The Canadian federal government's multiculturalism policies have been controversial since their implementation. (2) I propose to show their impact on one of Canada's smaller ethnic groups, the Slovaks, principally in the Province of Ontario, where more than half reside. (3) Slovak individuals and communities in Canada have been avid supporters of the federal government's multiculturalism policies from their inception to the present, although funding for Slovak projects seems to have dried up after the year 2000.
In response to Quebec's "Quiet Revolution," when that province began to demand more home-rule, Prime Minister Lester B. Pearson established the Royal Commission on Bilingualism and Biculturalism in 1963. (4) The intent was clear--to define Canada as a bilingual (English and French) and bicultural (English and French) society. Alarmed Slovak leaders hastened to testify before the commission. Dr. Joseph Kirschbaum, one of the intellectual leaders of the Canadian Slovak community, even addressed the commission in French when it met in Toronto. (5) Kirschbaum and his colleagues from the Canadian Slovak League spoke in favour of bilingualism, but not of biculturalism, as did leaders of the Ukrainian, Polish, and other Eastern European communities. Instead, they stressed that Canada was a multicultural society. (6) After Book IV of the Bilingualism and Biculturalism Commission, which echoed this sentiment, was published, Prime Minister Pierre Elliott Trudeau proclaimed in October of 1971 that henceforth the Government of Canada would promote a policy of bilingualism and multiculturalism. (7) Indeed, the government then appointed the first Minister of State for Multiculturalism in Canada, the Polish-Canadian Stanley Haidasz (1972-1974). Under his direction some of the sixteen recommendations from Book IV of the Bilingualism and Biculturalism Commission were initiated. (8)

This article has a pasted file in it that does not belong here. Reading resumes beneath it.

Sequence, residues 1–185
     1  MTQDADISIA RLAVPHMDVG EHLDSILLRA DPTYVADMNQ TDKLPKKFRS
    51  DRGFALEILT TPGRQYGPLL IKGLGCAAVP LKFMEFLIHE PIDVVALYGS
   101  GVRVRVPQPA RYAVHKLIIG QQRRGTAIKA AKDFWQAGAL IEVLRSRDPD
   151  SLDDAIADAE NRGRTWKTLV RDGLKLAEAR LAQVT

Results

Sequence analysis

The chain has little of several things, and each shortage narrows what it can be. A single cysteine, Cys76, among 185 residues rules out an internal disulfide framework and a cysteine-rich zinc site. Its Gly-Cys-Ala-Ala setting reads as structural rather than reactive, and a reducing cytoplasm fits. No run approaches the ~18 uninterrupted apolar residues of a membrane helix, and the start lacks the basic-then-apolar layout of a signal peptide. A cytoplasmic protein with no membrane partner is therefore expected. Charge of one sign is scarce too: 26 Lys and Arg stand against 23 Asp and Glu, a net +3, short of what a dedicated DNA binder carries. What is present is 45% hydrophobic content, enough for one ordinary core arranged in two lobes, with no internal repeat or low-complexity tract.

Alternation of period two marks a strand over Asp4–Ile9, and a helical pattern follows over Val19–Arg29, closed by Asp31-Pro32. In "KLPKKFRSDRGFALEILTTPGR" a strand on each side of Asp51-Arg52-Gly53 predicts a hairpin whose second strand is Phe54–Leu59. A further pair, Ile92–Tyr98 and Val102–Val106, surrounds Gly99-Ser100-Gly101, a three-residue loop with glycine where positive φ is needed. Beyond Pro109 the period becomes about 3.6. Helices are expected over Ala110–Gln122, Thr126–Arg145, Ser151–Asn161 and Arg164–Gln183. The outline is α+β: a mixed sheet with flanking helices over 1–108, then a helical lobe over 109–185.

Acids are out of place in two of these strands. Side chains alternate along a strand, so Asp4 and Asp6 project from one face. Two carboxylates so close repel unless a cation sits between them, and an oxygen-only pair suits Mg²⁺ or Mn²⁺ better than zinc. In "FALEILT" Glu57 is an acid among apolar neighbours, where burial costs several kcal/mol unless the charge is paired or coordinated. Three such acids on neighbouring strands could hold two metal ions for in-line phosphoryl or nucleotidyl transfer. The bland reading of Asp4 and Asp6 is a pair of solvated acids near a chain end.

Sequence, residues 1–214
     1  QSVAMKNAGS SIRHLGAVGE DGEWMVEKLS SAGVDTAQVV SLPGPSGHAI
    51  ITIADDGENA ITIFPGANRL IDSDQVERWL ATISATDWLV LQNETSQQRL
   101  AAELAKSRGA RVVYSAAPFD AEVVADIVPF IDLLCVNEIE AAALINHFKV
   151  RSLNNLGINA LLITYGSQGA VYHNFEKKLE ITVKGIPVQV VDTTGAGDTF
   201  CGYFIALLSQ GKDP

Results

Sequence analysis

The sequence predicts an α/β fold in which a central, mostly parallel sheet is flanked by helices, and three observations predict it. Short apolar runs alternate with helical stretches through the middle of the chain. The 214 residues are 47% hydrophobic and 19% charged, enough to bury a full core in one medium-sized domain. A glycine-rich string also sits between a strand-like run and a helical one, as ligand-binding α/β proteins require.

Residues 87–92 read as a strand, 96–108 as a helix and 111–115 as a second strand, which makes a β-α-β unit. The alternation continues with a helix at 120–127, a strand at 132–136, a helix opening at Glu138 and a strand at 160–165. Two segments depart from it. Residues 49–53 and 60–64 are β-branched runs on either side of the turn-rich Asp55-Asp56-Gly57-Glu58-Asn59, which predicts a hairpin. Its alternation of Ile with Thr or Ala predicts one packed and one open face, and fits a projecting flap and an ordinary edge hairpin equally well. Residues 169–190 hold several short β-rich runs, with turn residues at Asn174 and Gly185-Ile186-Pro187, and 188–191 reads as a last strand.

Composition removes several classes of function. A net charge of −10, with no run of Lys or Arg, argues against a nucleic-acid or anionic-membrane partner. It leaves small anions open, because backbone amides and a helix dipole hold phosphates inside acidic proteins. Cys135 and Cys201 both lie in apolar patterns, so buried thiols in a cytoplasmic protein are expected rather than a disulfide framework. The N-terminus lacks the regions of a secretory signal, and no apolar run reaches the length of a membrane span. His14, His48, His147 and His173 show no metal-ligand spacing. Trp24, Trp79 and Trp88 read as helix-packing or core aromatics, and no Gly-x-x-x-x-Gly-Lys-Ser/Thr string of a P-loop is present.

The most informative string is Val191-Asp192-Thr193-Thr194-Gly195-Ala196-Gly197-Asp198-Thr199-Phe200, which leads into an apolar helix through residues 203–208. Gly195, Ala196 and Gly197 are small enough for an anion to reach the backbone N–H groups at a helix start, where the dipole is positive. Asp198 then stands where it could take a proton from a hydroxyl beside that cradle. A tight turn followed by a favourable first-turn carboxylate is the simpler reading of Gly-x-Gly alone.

The following recommendations were most relevant to Slovak communities: the teaching of languages and cultures other than English or French in public schools, high schools, and universities; the broadcasting of radio and television programmes in languages other than English and French; the production of films by the National Film Board of Canada on subjects and in languages other than English or French; the encouragement of federal, provincial, and municipal agencies to provide financial support for the above programmes; and the encouragement and financial support of the National Museum of Man (today's Canadian Museum of Civilization) to engage in collecting, researching, and displaying the cultural artifacts of all ethnic groups in Canada, not just those of the English and French. (9)
Generally speaking, Slovak communities benefited from Canada's multicultural policies. The National Library, the National Archives, and the National Museum of Man started to vigorously collect books, archives, and artifacts of all ethnic groups in Canada in the 1970s. Indeed, I was employed as a Historical Researcher by the Museum of Man in 1977-1978 and in this capacity travelled all across Canada conducting oral history interviews and collecting books, archives, and artifacts that documented the Slovak experience. Furthermore, I was given the resources to produce a film on Slovak Christmas customs in Canada. This is, I believe, the only film on a Slovak subject produced by the Museum of Man and distributed by the National Film Board of Canada. (10)
In the meantime, the federal government persuaded various provincial governments (but not Quebec) and municipalities to also fund multicultural programmes at their levels. For example, in Ontario the provincial government, through a large one-time grant from its WINTARIO lottery, enabled historian Robert F. Harney of the University of Toronto to establish the Multicultural History Society of Ontario in 1976. (11) Once these funds were exhausted, the province provided annual operating grants to the Society until 1996. …